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Thread: On keeping crews together

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    Default On keeping crews together

    I have just been reviewing my father's service record and I am trying again to account for his two stints at a conversion unit - 1664 at Dishforth and 1659 at Topcliffe.

    He once told me a story about some of the men in his crew becoming injured in a motorcycle mishap (three on the bike, back late from the pub, didn't see the gate was closed) and others who became sick. Could this be an explanation of why they did the training again? Would they have waited for the injured members to recover?

    Dad, an air gunner, once told me that, after expressing impatience over not getting on to an operational squadron, his skipper grabbed him by the lapels, pushed him up against the Nissen and said, "stick with your crew, you'll die soon enough." He did and they finished the war at the HCU.

    Here is the chronology, if anyone can offer their thoughts, I'd appreciate it:

    6 Sep 1944 61 Base, Topcliffe, Yorkshire, England (ACS Dalton)
    25 Oct 1944 1664 Heavy Conversion Unit, RAF Dishforth, Yorkshire (Halifaxes)
    12 Dec 1944 Promoted to F/Sgt.
    23 Mar 1945 61 Base, Topcliffe, Yorkshire, (ACS Dalton)
    20 Apr 1945 1659 Heavy Conversion Unit, Topcliffe, Yorkshire
    12 Jun 1945 RAF Middleton-St-George, to embark for Canada
    David

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    hello,

    I've seen occurence of double HCU postings in a training syllabus, and in one case, it was due to a crew in an operational Squadron losing its pilot when he was doing his "second dickey op". The headless crew went back to HCU (actually another than the first one), where they were picked up by a pilot about to start his second tour.

    Aircrew who were posted sick / wounded and lost their crew in the meantime could either stay in the Squadron as "extra", or go back in HCU to join a new crew.

    In the case of your father, can't the reason be that No. 6 Group switched to Lancasters in the closing stages of WW2 ? As they converted to Halifaxes, they had to convert to Lancasters, and as far as I know, there was never a No. 6 Lancaster Finishing School. Conversion to Lancaster was thus made in a Lancaster equiped HCU. My two pence worth.

    Joss

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    Hi David,

    I have one case when RCAF Halifax crashed after normal landing and the pilot was grounded. The navigator was moved to another crew and the rest of the original crew was posted back to HCU to pass the training once more with new captain and new navigator. When posted back to the same operational squadron except the new captain and rear gunner the entire crew got killed...

    Pavel
    Czechoslovak Airmen in the RAF 1940-1945
    http://cz-raf.webnode.cz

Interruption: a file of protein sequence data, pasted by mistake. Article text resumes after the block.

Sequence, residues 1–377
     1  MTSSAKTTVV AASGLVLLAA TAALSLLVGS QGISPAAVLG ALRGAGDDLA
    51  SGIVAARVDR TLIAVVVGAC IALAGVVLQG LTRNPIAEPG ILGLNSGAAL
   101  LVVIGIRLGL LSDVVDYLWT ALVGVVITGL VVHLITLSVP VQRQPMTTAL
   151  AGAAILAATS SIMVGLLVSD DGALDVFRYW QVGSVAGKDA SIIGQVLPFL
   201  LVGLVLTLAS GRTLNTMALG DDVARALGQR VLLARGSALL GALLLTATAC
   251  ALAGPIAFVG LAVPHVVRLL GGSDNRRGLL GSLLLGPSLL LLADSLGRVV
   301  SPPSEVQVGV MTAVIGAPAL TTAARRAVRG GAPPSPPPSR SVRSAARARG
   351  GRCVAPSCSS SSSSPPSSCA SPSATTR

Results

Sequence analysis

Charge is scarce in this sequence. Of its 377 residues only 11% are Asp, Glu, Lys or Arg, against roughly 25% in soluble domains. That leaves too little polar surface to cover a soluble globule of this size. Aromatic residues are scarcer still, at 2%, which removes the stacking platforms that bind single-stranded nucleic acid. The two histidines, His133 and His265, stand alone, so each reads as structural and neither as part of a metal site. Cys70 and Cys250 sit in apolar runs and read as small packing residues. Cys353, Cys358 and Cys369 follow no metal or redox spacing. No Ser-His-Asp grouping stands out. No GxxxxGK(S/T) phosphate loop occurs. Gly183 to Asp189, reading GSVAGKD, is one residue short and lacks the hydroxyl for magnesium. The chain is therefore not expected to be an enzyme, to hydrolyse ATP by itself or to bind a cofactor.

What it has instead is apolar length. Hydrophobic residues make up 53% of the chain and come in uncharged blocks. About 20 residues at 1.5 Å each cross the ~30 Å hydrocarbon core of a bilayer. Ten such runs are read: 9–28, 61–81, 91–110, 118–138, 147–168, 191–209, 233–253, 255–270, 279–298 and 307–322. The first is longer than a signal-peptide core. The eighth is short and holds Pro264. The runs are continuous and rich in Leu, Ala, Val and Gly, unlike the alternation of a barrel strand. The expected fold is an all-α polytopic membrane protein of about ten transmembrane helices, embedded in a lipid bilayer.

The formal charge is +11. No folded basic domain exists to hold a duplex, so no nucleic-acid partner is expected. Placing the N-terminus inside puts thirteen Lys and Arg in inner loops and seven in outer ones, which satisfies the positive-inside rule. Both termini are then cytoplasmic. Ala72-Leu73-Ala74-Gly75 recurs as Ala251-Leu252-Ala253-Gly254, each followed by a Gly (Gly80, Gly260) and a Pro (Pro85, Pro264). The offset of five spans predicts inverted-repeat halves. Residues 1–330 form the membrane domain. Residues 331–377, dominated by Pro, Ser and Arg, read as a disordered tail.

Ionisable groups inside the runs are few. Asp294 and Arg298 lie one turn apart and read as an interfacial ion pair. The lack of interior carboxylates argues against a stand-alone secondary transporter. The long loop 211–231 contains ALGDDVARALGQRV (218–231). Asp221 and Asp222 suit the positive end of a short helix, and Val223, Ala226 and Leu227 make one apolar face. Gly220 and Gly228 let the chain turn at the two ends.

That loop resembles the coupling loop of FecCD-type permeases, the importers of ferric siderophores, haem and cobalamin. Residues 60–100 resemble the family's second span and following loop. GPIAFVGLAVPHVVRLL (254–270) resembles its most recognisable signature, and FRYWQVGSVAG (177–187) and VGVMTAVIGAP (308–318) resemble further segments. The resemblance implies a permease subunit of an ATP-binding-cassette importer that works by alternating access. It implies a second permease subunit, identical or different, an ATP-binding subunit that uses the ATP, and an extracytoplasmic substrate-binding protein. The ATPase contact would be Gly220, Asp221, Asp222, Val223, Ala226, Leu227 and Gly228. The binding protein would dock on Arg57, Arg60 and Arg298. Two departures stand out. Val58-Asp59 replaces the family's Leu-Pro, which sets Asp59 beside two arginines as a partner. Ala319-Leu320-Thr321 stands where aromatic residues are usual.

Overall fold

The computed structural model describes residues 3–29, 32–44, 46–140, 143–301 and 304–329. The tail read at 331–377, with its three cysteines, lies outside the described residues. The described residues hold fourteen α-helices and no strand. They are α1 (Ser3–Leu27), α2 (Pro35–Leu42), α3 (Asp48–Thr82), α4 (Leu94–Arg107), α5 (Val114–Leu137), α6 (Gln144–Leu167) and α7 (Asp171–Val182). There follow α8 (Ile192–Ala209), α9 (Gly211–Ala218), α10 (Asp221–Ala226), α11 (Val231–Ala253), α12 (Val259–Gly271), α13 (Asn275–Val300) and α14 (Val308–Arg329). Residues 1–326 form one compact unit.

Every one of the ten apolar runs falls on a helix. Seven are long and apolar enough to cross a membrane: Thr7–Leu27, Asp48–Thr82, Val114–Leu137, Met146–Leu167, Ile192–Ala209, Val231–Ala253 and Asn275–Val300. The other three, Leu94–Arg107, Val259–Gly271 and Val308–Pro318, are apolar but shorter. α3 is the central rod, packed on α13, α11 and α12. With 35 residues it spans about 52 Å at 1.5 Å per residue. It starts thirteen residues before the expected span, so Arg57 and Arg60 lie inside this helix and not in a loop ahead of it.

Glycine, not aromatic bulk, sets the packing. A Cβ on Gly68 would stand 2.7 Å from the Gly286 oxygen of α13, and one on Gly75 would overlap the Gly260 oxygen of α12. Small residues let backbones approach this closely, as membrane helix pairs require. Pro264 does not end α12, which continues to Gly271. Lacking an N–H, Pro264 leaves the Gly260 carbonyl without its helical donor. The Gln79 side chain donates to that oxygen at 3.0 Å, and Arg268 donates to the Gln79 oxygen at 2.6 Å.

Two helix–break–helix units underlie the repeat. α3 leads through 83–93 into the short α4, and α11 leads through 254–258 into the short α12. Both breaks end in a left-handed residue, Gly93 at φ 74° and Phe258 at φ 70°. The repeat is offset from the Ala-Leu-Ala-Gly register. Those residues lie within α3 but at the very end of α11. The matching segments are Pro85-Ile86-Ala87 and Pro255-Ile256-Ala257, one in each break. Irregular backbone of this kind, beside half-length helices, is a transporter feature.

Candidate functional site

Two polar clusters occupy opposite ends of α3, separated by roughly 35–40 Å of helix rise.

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    Thanks Joss, Pavel,

    The reconversion to Lancasters would make sense, Joss, except Dad said he never flew in a Lanc, except to go home.... but you have just made a possible connection to another question I had about Dad's experience. He took photos of some of the Canadian built Lancasters that were flown back to Canada. I wonder if he was actually flown back to Canada in one?

    If only I could find his log books. Someone in the family has them but none of my brothers admits to it.
    David

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    dfuller: Your father was following my father's coat tails for a while. To answer Joss: Canadian crews in 6-Group trained on Lancasters at the operational squadron--at least that was my father's experience at 419, probably the same with 428. I know of another pilot with 434 who started on Halifaxes at 434 and part way through his tour changed over to Lancaster X's, while at 434. I'm sure other situations may have been different.

    WRT to HCU: I can only speculate: was his original pilot lost on a 2nd dickie trip? If so, the crew may have gone back to HCU "Headless" as it was known as. Also, if on arrival to the operational squadron, the crew's the training at HCU was deemed insufficient, that might have resulted in their return. Third: sufficient crews at the operational level, then sent back.

    A parousal of 419 ORBs indicated that there was a shortage of accommodations at the base, with so many screened crews awaiting transfer to other units or repatriation back to Canada. It might be that your father's crew went back to training bases as there was no room on the operational squadron.

    Your father may have flown back to Canada on a Canadian lancaster. However seats would have been at a premium. My dad finished his tour at the end of March '45, was screened in early april and was posted to RCAF 'R' Depot 27.4.45 (Repatriation).

    Just speculation!

    Jim
    Last edited by JDCAVE; 13th November 2009 at 22:42.

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